This is a complete and accurate transcript of the tape of the oral history interview of Daniel Liberek (CN 385, T4) in the Archives of the Billy Graham Center. Nothing recorded has been omitted, except for any non-English phrases which could not be understood by the transcribers. In a very few cases, words were too unclear to be distinguished, so the word "[unclear]" was inserted. This is a transcription of spoken English, which of course follows a different rhythm and rule than written English.
... Three dots indicate an interruption or break in the train of thought within the sentence on the part of the speaker.
.... Four dots indicate what the transcriber believes to be the end of an incomplete sentence.
() Words in parentheses are asides made by the speaker.
 Words in brackets are comments by the transcriber.
This transcription was made by Robert Shuster and completed in December 1996.
Collection 385, T4. Interview of Daniel Liberek by Robert Shuster, January 15, 1988.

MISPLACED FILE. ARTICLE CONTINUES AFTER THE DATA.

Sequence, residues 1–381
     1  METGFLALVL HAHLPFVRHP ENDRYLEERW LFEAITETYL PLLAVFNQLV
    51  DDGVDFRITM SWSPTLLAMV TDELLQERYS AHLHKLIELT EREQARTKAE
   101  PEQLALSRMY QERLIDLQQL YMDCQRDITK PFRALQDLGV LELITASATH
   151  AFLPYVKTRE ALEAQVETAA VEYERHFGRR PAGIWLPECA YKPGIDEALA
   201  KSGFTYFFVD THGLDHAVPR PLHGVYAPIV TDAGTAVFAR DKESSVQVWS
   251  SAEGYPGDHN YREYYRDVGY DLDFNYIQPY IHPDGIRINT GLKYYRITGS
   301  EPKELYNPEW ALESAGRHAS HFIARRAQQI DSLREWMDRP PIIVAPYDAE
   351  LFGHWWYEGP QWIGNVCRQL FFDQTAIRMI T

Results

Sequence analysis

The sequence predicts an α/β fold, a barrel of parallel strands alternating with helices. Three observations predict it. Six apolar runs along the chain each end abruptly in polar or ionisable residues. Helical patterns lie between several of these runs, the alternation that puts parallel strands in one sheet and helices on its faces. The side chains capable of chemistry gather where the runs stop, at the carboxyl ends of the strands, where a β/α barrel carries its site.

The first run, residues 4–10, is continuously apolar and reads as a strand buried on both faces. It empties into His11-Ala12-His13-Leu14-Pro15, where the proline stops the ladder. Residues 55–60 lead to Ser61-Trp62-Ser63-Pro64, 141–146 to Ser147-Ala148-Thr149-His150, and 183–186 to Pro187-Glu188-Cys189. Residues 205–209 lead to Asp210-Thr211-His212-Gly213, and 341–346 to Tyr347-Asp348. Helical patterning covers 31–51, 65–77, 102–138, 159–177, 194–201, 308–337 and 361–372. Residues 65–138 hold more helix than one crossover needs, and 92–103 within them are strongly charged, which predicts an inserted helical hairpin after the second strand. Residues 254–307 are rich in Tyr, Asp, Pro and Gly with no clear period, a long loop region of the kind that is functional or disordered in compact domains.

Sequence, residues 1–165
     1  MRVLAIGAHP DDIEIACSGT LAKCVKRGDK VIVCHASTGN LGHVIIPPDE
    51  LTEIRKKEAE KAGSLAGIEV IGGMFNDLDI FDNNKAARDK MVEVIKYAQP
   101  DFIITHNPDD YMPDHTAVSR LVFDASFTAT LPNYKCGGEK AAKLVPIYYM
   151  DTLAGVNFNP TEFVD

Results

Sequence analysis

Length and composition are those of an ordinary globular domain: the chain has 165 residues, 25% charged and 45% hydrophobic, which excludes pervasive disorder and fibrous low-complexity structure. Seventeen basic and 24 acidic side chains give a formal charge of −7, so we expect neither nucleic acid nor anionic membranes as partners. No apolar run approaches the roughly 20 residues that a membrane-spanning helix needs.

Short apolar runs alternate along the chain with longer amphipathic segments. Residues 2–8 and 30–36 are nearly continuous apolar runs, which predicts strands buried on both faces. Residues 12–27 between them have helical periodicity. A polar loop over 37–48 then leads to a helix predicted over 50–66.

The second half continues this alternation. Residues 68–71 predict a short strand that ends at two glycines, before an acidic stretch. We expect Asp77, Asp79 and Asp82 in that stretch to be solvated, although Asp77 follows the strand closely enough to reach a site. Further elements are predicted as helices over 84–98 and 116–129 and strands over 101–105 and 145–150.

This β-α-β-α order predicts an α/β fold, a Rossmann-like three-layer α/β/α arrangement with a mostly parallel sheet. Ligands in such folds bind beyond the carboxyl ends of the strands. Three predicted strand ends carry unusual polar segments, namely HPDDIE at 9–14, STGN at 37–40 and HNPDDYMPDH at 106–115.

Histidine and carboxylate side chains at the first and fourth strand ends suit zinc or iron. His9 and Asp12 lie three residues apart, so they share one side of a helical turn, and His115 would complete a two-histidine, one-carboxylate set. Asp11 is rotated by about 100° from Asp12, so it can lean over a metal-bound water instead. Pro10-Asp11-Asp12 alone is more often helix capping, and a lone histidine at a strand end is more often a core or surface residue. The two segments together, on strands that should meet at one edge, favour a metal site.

SHUSTER: You were saying about your being on the radio.
LIBEREK: Oh yes. Well it's...one of my members came in with an ad one day and he said, "Now, did you notice this Daniel?" I looked at and [a few words unclear] a horror show was going to be shown at the Cultural Center of our city. The Cultural Center is owned by our city. It represents the city, actually. And this horror show was based on spiritualism and occult practices and different things like that. Voodoo, that was part of their publicity.
SHUSTER: When you say horror show, what...?
LIBEREK: That was the name they had for it. "Horror Show." And then there other subtitles, like, "Voodooism." "Resurrection of dead people." And things like that, occult things. So I went to where they were selling the tickets and the people who were selling the tickets didn't know anything about it. They were just selling tickets for this organization. I tried to call the numbers that were on the sheet and the information I had was...pretty much backed what I thought of it. It was based on occult practices. So I went to see the person in our city who is responsible for the town hall...for the Cultural Center, the director of it. And he said, "Oh, I don't know what to say! I am taken aback by what you are saying. Well, I'll just call [name unclear]. " He is right under the mayor in our city and he is responsible for culture in the city. And he happened to be there. So we called over and I talked to him for a few minutes and he showed dismay and amazement at what I was saying. He said, "Well, I think I have been tricked by these people. They called and they said it was just magic, presti...." Prestidigitation?